Freddie Mac is now on board the REMIC train.
A year after Fannie Mae launched its first credit-risk transfer securitization using a real estate mortgage investment conduit, Freddie is now electing to also opt for a REMIC format in offloading credit risk of securitized mortgages to private investors.
The REMIC format of the Freddie Mac Structured Agency Credit Risk (STACR) REMIC Trust 2019-DNA4 will permit a $589 million bond offering to be made through a bankruptcy-remote trust instead of the GSE’s standard STACR credit-linked note platform.
By utilizing the REMIC structure, Freddie can widen the potential investor base for the notes to real estate investment trusts and other certain institutional buyers. The structure also provides more protection to investors since these STACR bonds secured by a trust are not general obligations of the GSE.
“This structure better protects investors from potential future counterparty risk exposure to Freddie Mac,” stated a presale report from S&P Global Ratings. “The assets of the trust in this transaction are intended to fund interest and principal payments on the notes, although investors still have the benefit of a Freddie Mac backstop in the case of any shortfalls.”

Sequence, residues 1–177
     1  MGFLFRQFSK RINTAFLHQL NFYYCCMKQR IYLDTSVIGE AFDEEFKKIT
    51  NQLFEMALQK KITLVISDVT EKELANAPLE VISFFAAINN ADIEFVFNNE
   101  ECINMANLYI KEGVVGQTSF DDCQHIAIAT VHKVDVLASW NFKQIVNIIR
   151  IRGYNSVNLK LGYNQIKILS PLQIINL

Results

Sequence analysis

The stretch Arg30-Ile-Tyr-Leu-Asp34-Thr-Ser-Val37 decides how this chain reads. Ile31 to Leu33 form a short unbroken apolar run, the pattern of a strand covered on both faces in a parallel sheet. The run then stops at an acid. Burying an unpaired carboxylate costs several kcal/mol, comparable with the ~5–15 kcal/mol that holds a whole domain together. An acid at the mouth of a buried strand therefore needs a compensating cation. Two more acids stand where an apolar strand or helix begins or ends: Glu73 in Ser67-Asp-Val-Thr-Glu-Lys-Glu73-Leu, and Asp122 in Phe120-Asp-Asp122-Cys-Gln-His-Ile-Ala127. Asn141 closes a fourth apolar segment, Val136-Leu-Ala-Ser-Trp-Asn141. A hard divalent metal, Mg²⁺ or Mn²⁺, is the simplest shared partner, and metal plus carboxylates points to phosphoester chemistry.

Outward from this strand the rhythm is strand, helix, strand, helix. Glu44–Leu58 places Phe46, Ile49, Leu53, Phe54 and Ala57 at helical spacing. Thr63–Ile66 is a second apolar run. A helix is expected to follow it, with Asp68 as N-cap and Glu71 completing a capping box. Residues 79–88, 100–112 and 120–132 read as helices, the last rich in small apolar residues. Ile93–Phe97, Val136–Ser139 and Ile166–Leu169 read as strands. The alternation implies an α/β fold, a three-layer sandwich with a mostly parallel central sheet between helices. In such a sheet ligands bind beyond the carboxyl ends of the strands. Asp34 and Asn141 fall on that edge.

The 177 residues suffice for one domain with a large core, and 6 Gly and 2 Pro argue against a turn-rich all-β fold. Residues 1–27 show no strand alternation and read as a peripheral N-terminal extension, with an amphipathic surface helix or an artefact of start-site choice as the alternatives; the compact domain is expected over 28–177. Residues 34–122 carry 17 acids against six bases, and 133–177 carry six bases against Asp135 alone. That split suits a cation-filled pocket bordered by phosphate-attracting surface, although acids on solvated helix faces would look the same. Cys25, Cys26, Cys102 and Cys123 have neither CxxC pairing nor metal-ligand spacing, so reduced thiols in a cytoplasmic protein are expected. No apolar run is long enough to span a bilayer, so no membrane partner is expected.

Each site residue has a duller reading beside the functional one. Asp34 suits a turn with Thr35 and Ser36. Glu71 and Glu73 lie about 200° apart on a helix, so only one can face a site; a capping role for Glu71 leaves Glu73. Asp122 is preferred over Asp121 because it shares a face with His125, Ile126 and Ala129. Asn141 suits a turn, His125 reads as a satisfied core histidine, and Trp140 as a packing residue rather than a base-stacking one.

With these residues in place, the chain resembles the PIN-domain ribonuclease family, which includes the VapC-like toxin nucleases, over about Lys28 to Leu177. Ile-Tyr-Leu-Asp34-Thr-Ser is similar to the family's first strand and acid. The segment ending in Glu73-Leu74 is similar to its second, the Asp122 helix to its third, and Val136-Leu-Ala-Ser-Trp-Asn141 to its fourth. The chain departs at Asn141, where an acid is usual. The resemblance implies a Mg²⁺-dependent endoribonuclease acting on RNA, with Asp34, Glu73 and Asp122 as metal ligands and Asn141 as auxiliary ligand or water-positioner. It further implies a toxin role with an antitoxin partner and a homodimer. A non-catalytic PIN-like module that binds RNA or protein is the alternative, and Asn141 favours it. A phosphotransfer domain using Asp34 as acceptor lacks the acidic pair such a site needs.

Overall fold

The note offerings consist of several mezzanine and subordinate bond classes, with preliminary ratings ranging from BBB to single-B by S&P and Kroll Bond Rating Agency.
Payments on the notes will be from interest on investment earnings and principal through liquidation proceeds — rather than direct cash flow — of an underlying $20.5 billion reference pool of 88,579 loans that were securitized earlier this year by Freddie Mac.
All of the loans are prime, first-lien loans with a weighted average borrower FICO of 748, and most (86.5% of the pool balance) were originated in the past year. Nearly 84% are owner-occupied home loans, and 62.4% are purchase loans. The loan-to-value ratios range between 60% and 80% for all contracts.